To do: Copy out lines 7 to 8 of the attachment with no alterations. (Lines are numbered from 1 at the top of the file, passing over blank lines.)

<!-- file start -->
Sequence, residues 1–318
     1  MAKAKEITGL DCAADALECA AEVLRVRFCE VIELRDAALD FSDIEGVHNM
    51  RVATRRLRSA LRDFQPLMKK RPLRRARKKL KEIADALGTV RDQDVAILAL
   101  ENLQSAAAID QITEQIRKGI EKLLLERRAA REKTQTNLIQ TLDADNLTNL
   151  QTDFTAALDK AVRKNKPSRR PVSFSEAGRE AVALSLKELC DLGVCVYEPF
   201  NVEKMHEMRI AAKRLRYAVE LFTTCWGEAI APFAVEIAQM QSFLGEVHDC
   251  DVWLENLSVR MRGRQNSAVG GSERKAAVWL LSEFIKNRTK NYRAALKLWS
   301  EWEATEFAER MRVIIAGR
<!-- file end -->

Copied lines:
   251  DVWLENLSVR MRGRQNSAVG GSERKAAVWL LSEFIKNRTK NYRAALKLWS
   301  EWEATEFAER MRVIIAGR